dr patrick swier

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Dr. Swier loses malpractice case and is asked to pay $3.4 million

A patient of a Lewes-area successfully argued in court and won a $3.4 million judgment against the plastic surgery and nerve surgery doctor who operated on her leg in the year 2010. The doctor had caused her searing, prolonged nerve pain she hadn’t had before.
The plaintiff, Patricia McLeod, had pain in her left knee and some tingling sensation in her left foot’s toes at night in 2009. So, she went to Dr. Patrick Swier of the Swier Clinic, which is located on Savannah Road. Swier, was a licensed physician practicing in Delaware since 2001, and claimed to be one of the few plastic surgeons on the East Coast to specialize in surgeries on feet and legs to relieve nerve compressions.
The court testimony showed that Swier had performed a total of nine procedures on the nerves present in McLeod’s left leg on April 5, 2010. Philip Edwards, an attorney for McCleod said that the patient still experienced even more pain.
Edwards said that, contrary to what was promised, she suffered from debilitating pain and cramping after the surgery. The experts consulted now, said that the symptoms did not warrant surgery. Surgery shouldn’t have been performed in the first place.
Experts at Johns Hopkins later diagnosed that she is suffering from complex regional pain syndrome and ordered her to undergo new treatment, in order to manage her severe pain, as per court records. She underwent the suggested treatment but nothing truly ended her painful sensations. Her 2012 civil complaint said that the treating physicians had been considering lower left leg amputation.
After a seven-day trial, McLeod, 52, of Salisbury, Maryland, won the malpractice suit on Dec. 11. The jury took three hours to come on the conclusion that Swier had committed medical negligence in treating her with surgical procedures. The diagnostic tests on her leg didn’t demonstrate that her nerve problems were surgically correctable.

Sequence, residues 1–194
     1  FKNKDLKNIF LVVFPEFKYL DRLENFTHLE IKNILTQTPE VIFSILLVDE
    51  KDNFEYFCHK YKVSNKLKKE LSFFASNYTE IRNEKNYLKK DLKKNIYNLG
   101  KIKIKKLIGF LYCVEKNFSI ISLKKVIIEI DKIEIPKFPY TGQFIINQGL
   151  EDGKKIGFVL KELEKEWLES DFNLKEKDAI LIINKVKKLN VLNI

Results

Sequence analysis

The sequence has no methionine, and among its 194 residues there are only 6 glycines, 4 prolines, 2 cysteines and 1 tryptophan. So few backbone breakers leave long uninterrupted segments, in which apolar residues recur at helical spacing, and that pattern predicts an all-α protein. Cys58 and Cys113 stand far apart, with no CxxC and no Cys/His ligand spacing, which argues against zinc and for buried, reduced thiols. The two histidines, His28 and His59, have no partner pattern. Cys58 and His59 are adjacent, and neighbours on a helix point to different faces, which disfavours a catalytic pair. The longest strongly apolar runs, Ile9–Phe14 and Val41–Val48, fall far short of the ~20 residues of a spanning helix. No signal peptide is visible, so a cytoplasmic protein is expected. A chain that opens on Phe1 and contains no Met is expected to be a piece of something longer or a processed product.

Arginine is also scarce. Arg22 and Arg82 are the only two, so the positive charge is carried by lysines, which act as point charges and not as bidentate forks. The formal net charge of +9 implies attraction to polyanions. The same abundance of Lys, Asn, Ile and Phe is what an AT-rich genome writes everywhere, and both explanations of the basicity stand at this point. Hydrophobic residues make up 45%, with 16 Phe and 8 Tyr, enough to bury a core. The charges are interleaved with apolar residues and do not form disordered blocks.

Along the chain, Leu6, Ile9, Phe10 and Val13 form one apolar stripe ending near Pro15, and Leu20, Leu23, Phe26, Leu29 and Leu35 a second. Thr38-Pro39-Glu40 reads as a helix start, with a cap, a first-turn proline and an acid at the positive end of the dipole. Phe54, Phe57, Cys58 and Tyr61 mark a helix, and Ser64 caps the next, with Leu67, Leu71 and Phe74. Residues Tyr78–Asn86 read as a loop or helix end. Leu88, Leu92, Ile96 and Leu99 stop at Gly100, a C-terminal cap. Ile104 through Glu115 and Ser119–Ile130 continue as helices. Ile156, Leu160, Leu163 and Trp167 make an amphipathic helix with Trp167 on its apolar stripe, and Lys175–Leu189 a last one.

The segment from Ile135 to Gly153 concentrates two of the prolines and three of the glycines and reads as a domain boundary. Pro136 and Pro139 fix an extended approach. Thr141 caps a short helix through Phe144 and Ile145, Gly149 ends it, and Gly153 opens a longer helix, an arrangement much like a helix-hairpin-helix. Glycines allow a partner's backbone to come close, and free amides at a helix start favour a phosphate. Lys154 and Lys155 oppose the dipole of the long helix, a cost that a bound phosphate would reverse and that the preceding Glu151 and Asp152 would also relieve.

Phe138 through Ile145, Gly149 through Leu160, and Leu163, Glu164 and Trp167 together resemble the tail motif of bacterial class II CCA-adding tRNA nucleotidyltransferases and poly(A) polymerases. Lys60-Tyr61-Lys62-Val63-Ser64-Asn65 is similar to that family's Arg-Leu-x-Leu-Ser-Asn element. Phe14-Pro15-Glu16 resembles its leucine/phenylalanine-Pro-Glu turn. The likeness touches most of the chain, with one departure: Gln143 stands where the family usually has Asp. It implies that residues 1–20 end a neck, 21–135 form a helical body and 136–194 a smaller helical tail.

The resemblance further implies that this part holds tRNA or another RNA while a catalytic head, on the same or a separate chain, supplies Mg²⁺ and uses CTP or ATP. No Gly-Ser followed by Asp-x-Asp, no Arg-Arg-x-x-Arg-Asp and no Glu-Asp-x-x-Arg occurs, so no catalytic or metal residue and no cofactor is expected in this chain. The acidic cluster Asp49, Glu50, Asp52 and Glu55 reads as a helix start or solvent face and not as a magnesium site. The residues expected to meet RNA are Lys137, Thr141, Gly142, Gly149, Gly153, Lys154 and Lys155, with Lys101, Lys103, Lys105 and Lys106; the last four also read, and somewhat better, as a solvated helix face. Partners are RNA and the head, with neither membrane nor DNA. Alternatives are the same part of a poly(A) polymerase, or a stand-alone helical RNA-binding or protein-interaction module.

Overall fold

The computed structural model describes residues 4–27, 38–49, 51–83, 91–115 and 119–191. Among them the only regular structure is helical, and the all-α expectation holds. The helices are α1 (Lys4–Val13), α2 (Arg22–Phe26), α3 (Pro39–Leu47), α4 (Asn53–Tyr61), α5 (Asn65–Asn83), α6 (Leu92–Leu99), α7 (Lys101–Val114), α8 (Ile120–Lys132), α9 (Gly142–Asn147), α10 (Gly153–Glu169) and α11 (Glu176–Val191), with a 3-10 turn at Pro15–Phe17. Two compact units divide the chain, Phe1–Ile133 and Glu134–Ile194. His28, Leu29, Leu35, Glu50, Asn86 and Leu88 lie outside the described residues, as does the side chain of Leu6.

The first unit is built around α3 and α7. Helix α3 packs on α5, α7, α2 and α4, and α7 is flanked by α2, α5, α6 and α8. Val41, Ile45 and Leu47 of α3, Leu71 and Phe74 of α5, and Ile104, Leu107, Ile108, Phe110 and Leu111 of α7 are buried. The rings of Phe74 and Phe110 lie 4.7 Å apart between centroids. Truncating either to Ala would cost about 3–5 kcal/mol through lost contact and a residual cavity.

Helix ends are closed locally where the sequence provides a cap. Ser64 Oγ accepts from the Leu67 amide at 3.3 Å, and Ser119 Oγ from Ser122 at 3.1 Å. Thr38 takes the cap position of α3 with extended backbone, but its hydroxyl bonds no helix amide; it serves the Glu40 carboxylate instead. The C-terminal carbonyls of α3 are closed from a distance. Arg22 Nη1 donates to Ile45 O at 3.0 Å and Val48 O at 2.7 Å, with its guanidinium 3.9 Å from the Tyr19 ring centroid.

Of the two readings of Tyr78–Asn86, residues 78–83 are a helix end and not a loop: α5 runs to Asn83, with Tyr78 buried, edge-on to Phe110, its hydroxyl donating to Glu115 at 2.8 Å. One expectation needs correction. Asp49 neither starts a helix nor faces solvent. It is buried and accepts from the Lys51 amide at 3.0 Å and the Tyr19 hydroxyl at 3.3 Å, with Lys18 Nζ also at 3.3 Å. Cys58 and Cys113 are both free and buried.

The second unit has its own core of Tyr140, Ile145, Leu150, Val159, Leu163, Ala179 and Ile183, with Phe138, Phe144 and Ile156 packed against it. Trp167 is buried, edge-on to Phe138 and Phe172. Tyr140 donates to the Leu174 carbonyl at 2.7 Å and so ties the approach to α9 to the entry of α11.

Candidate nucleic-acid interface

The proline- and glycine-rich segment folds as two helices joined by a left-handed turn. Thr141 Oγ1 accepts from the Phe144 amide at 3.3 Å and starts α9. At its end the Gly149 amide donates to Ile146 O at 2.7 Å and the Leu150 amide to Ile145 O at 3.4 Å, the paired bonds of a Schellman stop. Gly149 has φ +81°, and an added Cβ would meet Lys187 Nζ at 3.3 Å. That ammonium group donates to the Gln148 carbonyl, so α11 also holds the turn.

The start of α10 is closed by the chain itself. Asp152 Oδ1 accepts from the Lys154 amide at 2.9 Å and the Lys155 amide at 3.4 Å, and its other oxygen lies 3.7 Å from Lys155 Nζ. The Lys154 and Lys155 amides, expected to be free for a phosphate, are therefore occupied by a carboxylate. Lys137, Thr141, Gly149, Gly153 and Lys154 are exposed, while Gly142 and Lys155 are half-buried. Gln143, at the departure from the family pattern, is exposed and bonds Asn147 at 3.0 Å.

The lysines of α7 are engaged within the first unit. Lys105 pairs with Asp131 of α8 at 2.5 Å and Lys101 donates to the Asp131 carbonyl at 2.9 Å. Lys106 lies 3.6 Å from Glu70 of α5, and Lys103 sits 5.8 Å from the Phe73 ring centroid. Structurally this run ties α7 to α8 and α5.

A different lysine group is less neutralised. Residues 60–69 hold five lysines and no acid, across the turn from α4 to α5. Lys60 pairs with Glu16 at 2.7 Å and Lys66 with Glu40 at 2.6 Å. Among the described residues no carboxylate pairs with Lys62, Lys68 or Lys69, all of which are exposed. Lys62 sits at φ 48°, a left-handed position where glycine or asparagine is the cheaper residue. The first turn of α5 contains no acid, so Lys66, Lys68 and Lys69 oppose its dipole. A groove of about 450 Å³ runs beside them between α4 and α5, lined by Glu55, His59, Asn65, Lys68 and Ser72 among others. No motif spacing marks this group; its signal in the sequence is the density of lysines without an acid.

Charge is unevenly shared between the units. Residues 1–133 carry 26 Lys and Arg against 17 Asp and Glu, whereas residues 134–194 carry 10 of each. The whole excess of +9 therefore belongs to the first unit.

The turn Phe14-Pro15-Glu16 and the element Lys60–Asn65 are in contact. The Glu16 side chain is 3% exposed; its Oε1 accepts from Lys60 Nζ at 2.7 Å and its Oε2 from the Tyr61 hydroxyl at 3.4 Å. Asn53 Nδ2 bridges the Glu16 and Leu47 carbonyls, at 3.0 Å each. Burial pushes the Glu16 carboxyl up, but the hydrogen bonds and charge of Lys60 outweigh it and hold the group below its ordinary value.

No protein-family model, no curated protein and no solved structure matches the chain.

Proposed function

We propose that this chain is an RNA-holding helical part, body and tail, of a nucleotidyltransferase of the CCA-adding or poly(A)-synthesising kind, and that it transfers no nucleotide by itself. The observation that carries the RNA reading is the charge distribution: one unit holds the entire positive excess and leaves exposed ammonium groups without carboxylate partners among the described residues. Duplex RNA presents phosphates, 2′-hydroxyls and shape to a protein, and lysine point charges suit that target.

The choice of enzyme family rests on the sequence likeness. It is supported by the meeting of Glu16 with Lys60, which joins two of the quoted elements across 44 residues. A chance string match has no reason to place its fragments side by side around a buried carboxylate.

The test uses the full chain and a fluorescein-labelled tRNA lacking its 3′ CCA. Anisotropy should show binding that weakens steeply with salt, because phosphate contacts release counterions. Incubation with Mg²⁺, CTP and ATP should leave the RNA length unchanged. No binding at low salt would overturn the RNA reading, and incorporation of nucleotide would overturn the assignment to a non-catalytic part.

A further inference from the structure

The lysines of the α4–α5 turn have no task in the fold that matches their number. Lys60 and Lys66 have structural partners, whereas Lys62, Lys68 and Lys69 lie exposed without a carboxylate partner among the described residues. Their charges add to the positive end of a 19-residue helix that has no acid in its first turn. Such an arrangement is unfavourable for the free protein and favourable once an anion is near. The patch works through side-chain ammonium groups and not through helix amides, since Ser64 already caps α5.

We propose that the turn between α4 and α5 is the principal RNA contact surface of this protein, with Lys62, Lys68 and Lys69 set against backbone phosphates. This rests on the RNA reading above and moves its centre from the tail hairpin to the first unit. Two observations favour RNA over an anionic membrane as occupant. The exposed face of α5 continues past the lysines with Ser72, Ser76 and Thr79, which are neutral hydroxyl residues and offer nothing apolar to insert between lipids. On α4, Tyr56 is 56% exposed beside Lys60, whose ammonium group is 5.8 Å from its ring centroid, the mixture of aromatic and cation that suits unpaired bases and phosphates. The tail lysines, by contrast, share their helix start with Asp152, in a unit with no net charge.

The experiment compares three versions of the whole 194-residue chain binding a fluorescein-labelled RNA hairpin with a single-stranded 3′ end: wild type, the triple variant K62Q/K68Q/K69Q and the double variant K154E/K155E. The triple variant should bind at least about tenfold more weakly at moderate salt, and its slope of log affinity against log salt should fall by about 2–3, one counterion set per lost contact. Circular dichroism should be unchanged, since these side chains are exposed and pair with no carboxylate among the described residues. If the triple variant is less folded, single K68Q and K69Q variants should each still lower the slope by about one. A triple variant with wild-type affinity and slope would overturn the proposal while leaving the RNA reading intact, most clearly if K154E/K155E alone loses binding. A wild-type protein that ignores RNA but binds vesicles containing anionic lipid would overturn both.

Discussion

McLeod had been teaching in Wicomico County, Maryland, schools as an English teacher, before the surgery. Edwards said that after she started seeing Swier, she lost her ability to stand and teach or to continue her job. She had to take retirement from the school system in 2012.
After an August 2010 appointment, which was four months after the surgery, Swier had written in his notes that she cannot walk to a far distance or stand for a long time, as per McLeod’s court complaint. It wasn’t really sure whether it was truly nerve pain. So, Swier should have considered and discussed nonsurgical options, like physical therapy, with the patient before deciding to operate, McLeod’s attorneys argued.
The jury awarded her $3,425,515 in damages after calculating the estimates of McCleod’s medical costs, lost income, and as per the seriousness of her post-treatment pain.
Staff members at Swier’s Lewes practice received messages on Tuesday, but Swier did not return to comment on anything. His lawyer, Richard Galperin, also did not make any official comments. The defense had tried their best to persuade the jury that Swier’s treatment of McLeod was well up to the standards of skill and care. They added that in any event, he did not proximately cause the injuries that were alleged by plaintiff.
Swier’s licensure record in Delaware is clean and problem-free, according to the online records in the Division of Professional Regulation. Also, there are no records of discipline or limitations.

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